The irreversible social inequalities brought about by colonialism are well known, but the ecological impacts of colonialist ventures are often overlooked. Besides the exploitation of natural resources, the expansion of the British Empire purposefully introduced exotic species to colonised environments, with harmful environmental consequences.
British settlers felt that indigenous African and Australian fauna and flora were not up to scratch when compared to European wildlife. Similar to ‘civilising’ attempts on local populations by introducing Western customs and practices, animals were introduced to ‘civilise’ landscapes into resembling the English countryside.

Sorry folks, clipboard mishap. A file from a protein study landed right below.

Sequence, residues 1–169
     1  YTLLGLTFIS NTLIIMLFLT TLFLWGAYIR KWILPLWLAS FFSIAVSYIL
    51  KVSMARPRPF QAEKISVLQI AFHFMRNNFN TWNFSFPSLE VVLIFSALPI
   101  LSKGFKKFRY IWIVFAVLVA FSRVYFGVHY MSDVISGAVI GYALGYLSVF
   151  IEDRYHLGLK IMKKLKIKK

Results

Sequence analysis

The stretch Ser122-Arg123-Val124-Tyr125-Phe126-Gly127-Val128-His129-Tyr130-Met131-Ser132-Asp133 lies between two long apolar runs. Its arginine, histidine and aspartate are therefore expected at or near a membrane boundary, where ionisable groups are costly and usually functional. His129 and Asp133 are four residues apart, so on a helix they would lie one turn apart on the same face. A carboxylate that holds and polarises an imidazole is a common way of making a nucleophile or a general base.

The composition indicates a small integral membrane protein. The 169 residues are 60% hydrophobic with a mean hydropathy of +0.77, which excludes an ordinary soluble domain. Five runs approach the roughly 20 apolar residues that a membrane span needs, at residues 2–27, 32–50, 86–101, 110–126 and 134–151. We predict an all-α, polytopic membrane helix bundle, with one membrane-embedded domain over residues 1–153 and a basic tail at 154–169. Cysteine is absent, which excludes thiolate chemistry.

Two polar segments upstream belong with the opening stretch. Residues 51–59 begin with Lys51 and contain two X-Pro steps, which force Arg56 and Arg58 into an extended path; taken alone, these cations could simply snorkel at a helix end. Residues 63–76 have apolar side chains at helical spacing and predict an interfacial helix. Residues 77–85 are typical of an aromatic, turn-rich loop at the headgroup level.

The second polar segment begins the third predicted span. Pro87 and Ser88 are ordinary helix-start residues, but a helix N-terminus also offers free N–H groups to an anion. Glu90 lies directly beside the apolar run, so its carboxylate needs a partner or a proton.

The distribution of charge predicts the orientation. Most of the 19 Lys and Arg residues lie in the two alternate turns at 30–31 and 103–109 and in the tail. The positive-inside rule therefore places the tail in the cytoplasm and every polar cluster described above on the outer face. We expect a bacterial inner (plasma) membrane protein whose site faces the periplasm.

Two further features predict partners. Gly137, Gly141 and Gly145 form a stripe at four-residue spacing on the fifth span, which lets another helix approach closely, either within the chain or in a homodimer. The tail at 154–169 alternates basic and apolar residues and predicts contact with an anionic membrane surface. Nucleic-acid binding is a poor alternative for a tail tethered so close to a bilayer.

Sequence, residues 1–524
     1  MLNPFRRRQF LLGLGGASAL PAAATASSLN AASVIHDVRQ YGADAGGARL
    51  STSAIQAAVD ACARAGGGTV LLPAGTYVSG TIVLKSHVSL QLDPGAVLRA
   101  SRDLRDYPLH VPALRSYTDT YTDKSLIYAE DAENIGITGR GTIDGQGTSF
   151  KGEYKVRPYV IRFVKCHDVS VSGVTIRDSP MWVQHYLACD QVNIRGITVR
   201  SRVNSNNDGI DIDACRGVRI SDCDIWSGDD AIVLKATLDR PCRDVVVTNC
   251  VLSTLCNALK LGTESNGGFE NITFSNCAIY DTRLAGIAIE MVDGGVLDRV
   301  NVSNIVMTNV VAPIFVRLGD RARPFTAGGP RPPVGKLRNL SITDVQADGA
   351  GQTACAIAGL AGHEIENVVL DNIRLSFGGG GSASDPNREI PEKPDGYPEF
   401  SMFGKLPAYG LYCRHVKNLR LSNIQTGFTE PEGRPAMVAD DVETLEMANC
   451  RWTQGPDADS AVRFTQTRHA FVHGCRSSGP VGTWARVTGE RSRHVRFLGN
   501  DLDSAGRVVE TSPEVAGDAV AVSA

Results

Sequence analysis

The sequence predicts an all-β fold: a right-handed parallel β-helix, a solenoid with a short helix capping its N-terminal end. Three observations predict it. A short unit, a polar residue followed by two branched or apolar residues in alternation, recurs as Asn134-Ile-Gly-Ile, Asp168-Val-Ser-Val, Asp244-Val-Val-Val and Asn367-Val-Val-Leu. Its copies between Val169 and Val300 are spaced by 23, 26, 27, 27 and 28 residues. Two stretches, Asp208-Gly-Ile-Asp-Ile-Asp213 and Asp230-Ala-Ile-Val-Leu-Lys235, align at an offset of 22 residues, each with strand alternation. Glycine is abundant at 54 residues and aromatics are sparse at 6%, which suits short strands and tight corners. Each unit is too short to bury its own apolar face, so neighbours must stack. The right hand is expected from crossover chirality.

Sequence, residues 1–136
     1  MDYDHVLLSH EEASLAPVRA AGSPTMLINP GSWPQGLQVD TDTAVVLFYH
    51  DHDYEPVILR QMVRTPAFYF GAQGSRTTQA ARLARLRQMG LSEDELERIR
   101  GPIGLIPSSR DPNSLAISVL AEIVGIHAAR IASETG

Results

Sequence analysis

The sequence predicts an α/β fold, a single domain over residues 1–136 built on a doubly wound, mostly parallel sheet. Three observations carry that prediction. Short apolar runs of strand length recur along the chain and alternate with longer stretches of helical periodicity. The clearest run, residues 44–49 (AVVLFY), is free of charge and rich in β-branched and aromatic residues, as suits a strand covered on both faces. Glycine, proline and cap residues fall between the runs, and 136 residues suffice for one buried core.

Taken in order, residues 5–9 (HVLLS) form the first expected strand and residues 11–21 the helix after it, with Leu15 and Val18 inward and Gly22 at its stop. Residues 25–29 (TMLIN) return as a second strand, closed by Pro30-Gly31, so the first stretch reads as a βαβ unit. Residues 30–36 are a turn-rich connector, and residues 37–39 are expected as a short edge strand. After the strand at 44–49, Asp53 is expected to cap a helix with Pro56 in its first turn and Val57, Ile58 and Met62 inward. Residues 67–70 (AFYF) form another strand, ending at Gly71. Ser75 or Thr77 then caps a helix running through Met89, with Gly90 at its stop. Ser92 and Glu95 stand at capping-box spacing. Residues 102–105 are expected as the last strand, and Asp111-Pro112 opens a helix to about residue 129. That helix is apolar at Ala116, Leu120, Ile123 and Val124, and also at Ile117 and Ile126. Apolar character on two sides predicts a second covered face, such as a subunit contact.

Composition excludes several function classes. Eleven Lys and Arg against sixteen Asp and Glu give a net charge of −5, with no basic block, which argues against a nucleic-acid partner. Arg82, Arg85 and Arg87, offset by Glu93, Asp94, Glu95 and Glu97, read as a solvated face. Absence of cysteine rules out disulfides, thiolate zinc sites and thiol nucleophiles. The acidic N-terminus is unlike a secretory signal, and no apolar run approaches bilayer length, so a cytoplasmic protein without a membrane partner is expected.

The European starling was introduced in the late 19th century by Cecil John Rhodes, the 6th prime minister of the Cape colony. Rhodes introduced several species of birds and mammals to South Africa, hoping to transform the Cape environment into a peaceful English landscape. As ridiculous as the politician’s attempts sound, Rhodes’ forced addition of the…
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